Music to His Ears

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Talkin’ Guitar: The Story of Young Doc Watson
Written and illustrated by Robbin Gourley
(Clarion Books, 2015, New York, $16.99)

Born in a two-room cabin, one of nine children, Arthel Watson lost his vision to an eye infection when he was a year old. But what sounds like the premise of a human-interest story proved anything but tragic. Young Arthel had “ears like a cat,” and he loved music: the ballads his mother sang, the hymns he heard in church, and the music he found in the wind, animal voices, and train whistles. He taught himself to play a harmonica and a homemade banjo before his father bought him a guitar. Between farm chores, Arthel practiced his guitar and began writing songs of his own. Eventually, he became Doc Watson, a folk and bluegrass artist who went on to win the National Medal of the Arts and performed until his death, at age eighty-nine, in 2012.

In Talkin’ Guitar, author-illustrator Robbin Gourley transports readers to young Arthel’s world. Her language evokes Watson’s North Carolina hills: “Yonder, where blue mountains meet the sky, Arthel Watson was born into a world of music,” commences the narrative. Throughout the picture-book biography, Gourley employs the similes Watson and his family might have used. At first, his harmonica sounds like “a wildcat howling.” Chores and guitar practice “made him sharp as a whittling knife and tough as a hickory.” Likewise, Gourley’s watercolors do not emphasize Watson’s humble beginnings, but rather celebrate the wonder young Arthel finds in his world. In a few spreads, soft blue and violet hills rise out of green meadows into a pink or orange sky. In one, a tiny church steeple peeps over a low hill; meanwhile, Arthel lounges with his cat and dog in the meadow. Around him, in small balloons, float the sounds that inspire him from the “Peep-Peep” of birds to the “Moo” of cow to the “Amen” chorus at church. Young Arthel may be unable to admire the view, but he is acutely aware of the mountains’ beauty.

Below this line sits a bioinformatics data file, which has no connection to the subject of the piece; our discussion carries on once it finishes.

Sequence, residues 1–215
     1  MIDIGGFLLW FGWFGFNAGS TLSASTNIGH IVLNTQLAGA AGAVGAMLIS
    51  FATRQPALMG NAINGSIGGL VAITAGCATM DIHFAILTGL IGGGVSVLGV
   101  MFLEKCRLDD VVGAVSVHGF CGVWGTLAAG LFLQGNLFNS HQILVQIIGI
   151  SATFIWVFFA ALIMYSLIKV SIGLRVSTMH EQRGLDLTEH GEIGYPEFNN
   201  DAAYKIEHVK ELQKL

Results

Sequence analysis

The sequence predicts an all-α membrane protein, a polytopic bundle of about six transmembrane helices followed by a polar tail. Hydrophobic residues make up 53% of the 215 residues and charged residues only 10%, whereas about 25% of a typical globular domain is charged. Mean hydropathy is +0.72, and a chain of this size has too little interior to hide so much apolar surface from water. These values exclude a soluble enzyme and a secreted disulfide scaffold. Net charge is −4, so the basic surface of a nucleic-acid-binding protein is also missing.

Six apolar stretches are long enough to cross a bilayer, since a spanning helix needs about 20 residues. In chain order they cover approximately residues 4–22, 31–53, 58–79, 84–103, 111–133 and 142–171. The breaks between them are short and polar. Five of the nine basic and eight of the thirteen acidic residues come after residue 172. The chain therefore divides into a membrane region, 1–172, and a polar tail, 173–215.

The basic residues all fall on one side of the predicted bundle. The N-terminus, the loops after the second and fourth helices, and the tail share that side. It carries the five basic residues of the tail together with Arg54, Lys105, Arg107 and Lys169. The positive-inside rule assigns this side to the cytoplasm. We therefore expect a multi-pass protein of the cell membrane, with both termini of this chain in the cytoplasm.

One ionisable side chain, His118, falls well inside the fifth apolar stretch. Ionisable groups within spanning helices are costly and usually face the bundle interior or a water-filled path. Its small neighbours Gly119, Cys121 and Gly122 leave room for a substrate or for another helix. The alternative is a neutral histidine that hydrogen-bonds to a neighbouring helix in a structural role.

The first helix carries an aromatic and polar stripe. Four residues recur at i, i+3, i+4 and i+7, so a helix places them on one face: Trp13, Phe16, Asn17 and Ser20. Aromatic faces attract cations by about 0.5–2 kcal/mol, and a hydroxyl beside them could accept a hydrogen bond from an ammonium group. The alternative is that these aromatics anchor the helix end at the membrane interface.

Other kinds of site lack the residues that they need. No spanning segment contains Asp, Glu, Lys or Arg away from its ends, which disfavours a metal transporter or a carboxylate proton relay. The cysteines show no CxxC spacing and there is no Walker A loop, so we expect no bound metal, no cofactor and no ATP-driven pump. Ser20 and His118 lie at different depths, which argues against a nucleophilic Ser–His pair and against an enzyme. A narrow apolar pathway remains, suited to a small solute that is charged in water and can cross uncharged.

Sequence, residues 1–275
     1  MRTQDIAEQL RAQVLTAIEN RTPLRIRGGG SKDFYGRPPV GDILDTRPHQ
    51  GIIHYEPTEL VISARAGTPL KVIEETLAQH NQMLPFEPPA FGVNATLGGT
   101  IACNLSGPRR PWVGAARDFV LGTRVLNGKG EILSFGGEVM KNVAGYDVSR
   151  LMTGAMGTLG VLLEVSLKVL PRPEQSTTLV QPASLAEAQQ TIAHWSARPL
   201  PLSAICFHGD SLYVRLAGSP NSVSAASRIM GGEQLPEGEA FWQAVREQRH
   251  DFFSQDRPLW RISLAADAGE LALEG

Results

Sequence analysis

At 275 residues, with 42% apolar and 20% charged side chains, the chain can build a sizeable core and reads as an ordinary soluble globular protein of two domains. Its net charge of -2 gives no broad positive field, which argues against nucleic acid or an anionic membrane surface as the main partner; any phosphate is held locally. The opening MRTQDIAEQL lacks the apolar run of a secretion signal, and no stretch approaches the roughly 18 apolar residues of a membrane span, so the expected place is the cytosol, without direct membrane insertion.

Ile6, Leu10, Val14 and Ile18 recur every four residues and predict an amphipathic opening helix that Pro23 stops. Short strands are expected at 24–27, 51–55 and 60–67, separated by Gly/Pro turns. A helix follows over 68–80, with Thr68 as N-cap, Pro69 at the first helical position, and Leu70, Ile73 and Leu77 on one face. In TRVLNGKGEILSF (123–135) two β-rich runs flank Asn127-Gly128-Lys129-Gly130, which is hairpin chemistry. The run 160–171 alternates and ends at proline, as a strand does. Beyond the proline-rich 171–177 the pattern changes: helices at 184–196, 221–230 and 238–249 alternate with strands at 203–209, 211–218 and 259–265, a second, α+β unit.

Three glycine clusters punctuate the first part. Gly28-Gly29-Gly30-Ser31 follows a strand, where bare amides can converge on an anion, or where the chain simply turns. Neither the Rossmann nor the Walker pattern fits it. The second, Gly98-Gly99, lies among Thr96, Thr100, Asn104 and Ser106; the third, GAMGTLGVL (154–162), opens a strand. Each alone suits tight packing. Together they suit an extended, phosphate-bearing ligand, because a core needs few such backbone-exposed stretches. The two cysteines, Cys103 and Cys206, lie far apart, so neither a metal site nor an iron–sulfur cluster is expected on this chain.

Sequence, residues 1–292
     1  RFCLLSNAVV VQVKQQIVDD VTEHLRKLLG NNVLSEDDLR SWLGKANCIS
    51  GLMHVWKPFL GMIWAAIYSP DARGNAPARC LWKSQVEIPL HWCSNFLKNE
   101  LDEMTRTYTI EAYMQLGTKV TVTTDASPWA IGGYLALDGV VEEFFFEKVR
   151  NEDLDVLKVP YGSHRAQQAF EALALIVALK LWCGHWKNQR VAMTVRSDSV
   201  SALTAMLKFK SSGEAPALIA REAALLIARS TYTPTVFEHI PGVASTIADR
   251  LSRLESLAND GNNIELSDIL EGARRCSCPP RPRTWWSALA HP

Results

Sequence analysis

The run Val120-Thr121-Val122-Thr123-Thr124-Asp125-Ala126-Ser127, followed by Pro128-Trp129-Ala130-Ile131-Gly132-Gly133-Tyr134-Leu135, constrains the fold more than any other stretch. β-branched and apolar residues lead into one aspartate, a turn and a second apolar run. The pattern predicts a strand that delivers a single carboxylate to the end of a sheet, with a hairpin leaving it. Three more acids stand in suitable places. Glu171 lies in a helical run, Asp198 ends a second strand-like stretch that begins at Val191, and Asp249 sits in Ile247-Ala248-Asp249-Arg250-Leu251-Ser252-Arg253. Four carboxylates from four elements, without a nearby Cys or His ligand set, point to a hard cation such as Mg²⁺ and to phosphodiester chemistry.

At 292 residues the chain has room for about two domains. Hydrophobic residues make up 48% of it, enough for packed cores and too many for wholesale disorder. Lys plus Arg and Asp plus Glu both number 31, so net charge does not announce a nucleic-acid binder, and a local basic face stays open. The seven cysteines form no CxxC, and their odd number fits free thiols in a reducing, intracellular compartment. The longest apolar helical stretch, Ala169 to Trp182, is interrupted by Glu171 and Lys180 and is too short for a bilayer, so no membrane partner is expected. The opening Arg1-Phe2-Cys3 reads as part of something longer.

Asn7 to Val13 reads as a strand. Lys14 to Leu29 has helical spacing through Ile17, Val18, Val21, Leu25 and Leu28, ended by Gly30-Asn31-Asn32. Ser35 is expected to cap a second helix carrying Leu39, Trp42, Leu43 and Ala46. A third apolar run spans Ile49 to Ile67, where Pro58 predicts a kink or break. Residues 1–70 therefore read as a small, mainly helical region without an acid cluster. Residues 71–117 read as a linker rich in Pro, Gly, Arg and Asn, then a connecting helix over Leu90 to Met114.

Talkin’ Guitar is a lyrical introduction to Doc Watson and his music. It is also a moving journey into another’s world, a reminder that disabilities can coexist with extraordinary abilities, and a celebration of the music we encounter every day.

-Dorothy A. Dahm

 

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